There are several types of professional economists working in the world today. Academic economists in universities often derive and test theoretical models of various aspects of the economy. Economists in the civil service often study the merits and demerits of policies under consideration by government. Economists employed by a central bank often give advice on whether or not interest rates should be raised, while in the private sector, economists often predict future variables such as exchange rate movements and their effect on company exports.
For all of these economists, the ability to work with data is an important skill. To decide between competing theories, to predict the effect of policy changes, or to forecast what may happen in the future, it is necessary to appeal to facts. In economics, we are fortunate in having at our disposal an enormous amount of facts (in the form of “data”) that we can analyze in various ways to shed light on many economic issues.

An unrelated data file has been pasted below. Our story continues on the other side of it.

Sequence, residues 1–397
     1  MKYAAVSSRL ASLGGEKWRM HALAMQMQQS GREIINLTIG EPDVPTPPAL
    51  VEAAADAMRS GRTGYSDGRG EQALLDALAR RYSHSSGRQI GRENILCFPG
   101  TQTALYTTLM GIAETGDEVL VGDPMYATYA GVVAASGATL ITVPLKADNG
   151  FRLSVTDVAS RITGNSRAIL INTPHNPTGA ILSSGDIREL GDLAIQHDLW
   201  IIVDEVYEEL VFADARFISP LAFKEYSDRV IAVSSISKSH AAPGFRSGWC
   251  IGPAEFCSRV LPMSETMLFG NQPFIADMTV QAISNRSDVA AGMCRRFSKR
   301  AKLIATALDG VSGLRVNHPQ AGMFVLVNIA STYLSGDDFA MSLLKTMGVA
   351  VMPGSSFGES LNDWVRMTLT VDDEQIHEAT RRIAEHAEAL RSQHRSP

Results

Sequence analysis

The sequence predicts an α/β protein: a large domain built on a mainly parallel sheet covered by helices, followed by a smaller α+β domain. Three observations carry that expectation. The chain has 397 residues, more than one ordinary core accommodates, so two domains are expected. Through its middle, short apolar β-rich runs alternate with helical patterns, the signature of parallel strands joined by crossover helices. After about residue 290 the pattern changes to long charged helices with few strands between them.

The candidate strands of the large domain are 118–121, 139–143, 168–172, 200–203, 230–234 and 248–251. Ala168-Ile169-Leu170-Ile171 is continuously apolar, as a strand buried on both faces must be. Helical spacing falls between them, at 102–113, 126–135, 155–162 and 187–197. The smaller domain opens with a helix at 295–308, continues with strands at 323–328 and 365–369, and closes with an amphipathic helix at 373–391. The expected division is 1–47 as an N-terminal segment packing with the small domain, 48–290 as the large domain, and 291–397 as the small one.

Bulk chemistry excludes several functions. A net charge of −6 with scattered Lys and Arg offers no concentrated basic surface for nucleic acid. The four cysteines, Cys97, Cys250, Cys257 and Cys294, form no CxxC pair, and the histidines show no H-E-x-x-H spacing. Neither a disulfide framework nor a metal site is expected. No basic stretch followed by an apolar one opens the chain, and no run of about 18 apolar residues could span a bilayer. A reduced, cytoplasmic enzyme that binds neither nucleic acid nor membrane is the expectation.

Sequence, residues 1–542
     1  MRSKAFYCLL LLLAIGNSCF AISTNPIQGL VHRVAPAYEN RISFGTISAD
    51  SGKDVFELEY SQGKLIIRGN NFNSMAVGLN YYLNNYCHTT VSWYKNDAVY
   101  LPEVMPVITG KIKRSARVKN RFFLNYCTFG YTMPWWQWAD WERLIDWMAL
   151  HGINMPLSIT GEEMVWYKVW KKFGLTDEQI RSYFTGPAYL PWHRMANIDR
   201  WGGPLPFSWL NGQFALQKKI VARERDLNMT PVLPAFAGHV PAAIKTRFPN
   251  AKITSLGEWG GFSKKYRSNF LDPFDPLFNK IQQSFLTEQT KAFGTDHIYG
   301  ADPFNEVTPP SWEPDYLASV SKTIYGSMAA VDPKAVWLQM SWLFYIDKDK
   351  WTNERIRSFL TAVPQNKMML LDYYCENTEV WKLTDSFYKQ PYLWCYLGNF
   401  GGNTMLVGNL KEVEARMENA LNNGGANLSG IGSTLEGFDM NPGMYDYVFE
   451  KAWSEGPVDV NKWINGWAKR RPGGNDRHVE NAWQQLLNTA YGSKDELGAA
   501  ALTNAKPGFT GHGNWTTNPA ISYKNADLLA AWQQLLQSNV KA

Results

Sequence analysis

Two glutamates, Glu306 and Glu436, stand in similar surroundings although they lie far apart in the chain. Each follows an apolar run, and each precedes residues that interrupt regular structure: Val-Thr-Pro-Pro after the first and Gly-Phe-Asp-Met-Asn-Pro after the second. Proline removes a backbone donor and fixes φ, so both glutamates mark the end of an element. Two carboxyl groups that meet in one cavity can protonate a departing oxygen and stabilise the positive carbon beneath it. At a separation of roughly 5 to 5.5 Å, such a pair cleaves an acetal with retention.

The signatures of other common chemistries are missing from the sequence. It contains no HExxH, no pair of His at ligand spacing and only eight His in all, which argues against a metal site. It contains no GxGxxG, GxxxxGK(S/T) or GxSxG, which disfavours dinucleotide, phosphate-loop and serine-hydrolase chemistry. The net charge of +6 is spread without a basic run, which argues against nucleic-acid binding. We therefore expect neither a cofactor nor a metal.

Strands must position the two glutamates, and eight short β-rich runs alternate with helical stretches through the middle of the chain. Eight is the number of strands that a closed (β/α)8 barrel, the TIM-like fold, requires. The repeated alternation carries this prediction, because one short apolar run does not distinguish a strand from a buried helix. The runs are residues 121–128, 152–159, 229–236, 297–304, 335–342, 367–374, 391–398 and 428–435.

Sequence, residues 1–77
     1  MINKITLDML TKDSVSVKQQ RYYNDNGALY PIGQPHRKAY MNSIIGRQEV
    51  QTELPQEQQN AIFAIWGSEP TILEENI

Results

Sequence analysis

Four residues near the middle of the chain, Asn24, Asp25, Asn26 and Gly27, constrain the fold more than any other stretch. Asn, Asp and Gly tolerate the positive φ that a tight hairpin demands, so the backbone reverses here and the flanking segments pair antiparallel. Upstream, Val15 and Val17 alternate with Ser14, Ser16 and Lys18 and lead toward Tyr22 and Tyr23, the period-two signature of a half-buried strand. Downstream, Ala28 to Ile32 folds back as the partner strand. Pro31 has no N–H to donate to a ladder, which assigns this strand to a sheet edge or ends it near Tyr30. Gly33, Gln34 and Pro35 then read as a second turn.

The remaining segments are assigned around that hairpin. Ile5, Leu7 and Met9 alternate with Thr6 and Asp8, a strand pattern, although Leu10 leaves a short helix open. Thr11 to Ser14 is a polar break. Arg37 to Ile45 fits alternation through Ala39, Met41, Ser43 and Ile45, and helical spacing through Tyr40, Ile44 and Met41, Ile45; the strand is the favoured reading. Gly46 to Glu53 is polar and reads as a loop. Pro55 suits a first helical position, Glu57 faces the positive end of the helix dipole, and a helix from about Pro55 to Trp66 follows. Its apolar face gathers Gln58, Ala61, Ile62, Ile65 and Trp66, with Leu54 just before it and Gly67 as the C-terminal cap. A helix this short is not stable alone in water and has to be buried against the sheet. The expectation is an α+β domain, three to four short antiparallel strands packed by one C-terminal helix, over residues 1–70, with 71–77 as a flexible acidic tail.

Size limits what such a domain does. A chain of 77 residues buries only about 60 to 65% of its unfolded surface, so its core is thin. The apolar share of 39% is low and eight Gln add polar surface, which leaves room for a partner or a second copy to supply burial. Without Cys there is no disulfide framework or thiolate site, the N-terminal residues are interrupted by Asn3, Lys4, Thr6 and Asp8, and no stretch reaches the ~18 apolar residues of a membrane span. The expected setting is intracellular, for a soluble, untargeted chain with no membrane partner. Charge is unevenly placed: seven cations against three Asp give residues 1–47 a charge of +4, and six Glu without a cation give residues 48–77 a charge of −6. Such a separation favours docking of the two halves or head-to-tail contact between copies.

The purpose of this book is to present the basics of data analysis in a simple, on mathematical way, emphasizing graphical and verbal intuition. It focusses on the tools that economists apply in practice (primarily regression) and develops computer skills that are necessary in virtually any career path that the economics student may choose to follow.